Wang Hao, China’s reigning ping pong champ, is finally allowed to have a girlfriend. Until recently, the 25-year old was banned from dating, as is common with many of China’s national athletes. His girlfriend, 23-year old Peng Luyang, is a former national ping pong champion.
“Both of them are old enough and it’s normal,” China Daily quoted Peng’s coach Qiao Yunping as saying.
Star athletes are often restricted from dating or marrying until a certain age, in the hopes of keeping them focused on their athletic careers. According to AP:
Athletes who date without permission risk being punished. In 2004, Wang started dating another fellow national team player, Fan Ying, and officials kicked Fan off the national team. Media reports said Wang avoided punishment at the time because his world ranking was much higher than Fan’s.
Kind of sounds like some Asian parents I know!
There’s something very empowering about that jab, hook, uppercut. For an increasing number of women in India, boxing has taught courage, fueled ambition and rewarded champions who grew up in poverty with otherwise unattainable recognition.
As someone who’s admittedly quite rah-rah about women’s empowerment, I couldn’t help but feel warm and fuzzy when I stumbled on an inspiring NY Times article about the power of women’s boxing in India, a country where boys are often favored over girls.
For many women, boxing has also provided ticket to middle-class life, partly because the Indian government rewards athletes with highly-coveted government employment. And with the recent announcement of women’s boxing as an official sport for the 2012 Olympics, India’s female athletes will vie for international fame as they push the gender bar.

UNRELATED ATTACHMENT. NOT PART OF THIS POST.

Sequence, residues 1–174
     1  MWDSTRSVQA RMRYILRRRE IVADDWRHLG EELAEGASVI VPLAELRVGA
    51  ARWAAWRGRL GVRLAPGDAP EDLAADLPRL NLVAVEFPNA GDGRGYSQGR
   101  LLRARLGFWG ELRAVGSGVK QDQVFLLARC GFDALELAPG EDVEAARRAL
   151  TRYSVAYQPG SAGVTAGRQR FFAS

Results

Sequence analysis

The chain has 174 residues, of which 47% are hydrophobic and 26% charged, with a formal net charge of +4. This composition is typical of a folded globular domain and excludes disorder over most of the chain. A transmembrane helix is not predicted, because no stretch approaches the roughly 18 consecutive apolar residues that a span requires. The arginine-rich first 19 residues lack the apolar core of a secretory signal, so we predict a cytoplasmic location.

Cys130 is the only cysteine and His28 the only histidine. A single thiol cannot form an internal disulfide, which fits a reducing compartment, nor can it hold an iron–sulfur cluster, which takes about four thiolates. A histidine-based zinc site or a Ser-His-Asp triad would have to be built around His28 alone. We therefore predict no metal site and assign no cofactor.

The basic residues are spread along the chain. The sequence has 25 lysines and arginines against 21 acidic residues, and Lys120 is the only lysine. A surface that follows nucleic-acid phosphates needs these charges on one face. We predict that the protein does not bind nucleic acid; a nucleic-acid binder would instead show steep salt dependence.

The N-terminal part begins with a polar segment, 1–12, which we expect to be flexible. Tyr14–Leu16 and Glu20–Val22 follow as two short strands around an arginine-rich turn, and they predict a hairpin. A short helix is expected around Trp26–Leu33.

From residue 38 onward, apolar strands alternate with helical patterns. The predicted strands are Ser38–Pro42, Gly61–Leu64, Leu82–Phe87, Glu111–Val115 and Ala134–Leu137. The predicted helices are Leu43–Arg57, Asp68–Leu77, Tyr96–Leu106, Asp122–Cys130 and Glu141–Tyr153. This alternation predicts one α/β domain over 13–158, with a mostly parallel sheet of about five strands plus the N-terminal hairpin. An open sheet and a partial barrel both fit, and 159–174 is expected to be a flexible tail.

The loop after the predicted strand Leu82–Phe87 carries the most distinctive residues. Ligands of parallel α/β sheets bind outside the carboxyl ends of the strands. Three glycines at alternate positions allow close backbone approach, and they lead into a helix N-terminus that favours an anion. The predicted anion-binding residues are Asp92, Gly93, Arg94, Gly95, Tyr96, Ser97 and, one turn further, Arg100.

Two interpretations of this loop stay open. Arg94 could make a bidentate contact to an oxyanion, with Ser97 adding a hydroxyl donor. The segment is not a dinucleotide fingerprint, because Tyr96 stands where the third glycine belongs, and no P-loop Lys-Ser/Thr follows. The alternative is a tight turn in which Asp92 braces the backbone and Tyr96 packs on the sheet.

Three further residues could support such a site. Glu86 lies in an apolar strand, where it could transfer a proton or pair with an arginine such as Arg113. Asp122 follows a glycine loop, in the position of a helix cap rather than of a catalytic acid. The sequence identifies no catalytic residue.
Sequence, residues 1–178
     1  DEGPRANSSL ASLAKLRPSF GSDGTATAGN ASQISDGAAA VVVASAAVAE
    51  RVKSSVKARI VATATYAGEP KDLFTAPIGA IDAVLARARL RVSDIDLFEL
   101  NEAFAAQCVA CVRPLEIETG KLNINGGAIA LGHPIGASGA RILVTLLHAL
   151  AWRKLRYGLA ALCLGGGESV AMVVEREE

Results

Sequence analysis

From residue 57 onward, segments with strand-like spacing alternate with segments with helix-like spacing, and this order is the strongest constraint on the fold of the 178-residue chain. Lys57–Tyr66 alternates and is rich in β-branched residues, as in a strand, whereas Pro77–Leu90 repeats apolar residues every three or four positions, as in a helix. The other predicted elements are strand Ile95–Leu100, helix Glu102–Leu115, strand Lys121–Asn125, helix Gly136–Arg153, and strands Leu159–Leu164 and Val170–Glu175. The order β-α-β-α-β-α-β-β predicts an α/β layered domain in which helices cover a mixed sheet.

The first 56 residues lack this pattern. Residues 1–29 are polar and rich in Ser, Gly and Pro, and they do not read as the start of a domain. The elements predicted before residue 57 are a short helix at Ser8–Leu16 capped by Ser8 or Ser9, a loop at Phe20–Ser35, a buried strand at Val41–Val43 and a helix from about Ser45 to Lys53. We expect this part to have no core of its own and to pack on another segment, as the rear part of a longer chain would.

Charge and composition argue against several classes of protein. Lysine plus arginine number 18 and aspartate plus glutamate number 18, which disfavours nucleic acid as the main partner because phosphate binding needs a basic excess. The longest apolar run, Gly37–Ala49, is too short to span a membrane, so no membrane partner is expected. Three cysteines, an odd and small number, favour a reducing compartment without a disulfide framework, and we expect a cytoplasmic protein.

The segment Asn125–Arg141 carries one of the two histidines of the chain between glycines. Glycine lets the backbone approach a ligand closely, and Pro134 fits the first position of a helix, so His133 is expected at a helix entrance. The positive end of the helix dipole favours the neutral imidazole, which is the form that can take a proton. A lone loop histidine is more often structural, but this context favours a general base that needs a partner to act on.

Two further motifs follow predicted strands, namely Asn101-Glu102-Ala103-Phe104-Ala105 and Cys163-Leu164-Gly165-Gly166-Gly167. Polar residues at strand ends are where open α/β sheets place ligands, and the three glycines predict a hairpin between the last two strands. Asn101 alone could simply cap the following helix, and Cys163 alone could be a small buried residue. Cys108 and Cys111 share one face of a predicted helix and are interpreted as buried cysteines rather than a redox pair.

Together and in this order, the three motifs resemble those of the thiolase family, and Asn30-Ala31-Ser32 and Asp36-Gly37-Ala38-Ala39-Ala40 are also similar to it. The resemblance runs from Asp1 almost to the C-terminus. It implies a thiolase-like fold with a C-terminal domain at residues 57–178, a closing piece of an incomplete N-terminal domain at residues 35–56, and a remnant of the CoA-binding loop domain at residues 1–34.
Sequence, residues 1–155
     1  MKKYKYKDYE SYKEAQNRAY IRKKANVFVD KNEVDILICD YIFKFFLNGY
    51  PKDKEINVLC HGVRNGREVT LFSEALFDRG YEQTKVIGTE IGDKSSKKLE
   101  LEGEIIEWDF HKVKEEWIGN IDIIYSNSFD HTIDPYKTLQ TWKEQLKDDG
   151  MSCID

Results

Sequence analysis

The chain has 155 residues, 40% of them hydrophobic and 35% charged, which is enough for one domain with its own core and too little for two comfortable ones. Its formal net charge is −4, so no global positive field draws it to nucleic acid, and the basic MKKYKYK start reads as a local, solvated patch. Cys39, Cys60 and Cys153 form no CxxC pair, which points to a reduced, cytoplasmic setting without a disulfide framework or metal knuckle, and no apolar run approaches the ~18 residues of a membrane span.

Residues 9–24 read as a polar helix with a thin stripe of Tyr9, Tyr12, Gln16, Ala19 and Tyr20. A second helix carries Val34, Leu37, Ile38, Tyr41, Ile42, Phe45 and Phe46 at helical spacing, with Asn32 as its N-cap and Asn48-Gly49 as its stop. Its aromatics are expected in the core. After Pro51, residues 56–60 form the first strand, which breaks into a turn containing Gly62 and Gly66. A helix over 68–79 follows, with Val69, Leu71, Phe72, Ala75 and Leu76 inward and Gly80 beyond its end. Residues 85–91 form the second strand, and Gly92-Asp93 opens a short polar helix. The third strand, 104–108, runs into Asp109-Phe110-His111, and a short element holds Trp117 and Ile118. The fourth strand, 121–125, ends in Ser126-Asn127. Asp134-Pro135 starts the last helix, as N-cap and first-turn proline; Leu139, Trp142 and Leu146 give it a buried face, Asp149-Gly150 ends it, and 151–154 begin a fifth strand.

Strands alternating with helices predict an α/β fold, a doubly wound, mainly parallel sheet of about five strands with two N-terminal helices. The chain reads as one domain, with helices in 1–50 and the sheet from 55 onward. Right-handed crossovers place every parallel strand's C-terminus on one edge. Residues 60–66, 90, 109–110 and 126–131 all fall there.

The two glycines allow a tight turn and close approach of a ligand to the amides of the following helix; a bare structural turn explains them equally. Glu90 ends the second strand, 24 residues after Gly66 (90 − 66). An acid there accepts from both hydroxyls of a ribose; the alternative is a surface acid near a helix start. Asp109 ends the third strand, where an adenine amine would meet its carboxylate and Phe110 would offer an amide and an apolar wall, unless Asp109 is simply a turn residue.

In an interview with India’s most acclaimed boxer, Mangte Chungneijang Merykom, 27, the NY Times writes:
Kom kept boxing a secret from her family — until she won a state championship in 2000, and everyone, including her parents, discovered what she had been up to. Her father goaded her to give it up. Boxing is too dangerous, he told her. Members of her clan disapproved. The boys in her hometown ridiculed her. She held out.
“One day, I will show you who I am,” she recalled thinking.
I love girls who can kick some ass.
Posted in India, Sports
Tagged Athletics, Boxing, Feminism, India, London 2012 Olympics, Olympics, Society, Sports, Women, Women's Boxing
Big news for Asians around the world yesterday as South Korea’s Yang Yong-eun, 37, became the first Asian player to win a PGA major title. Yang, who learned golf in South Korea before coming to America, made a stunning victory against Tiger Woods this weekend.
According to AP, “Woods was 14-0 when he was atop the leaderboard going into the final round of a major. He had never lost any tournament on American soil when leading by more than one shot.”
Never say never, huh. Go Yang!
Looks like Jet Li isn’t the only one who can bust those killer wushu moves. I just came back from the National Wushu Team Trials in Cupertino, CA, and realized how popular this Chinese sport is becoming in the US. Winners of today’s Team Trials will compete this October in the 10th World Wushu Championships, the largest world championship outside of Asia.
My boyfriend’s little sister, Stephanie, made the US National Team today, and I’m so proud of her! She makes it look so easy, too, even with her complicated aerials, jumps and weapon maneuvers. She also placed 2nd for Changquan “Long Fist,” 3rd for Dao “Broad Sword,” and 2nd for Gun “Staff.” Steph’s been kicking some serious wushu ass for almost nine years, and has trained under Patti Li, Jet Li’s teammate on the original Beijing National Wushu Team.
Videos of this weekend’s competition aren’t quite ready, but here’s an earlier one of Steph’s Jian “Straight Sword” performance at UC Berkeley’s Chinese Martial Arts Competition. I sure don’t want to get in a fight with this girl!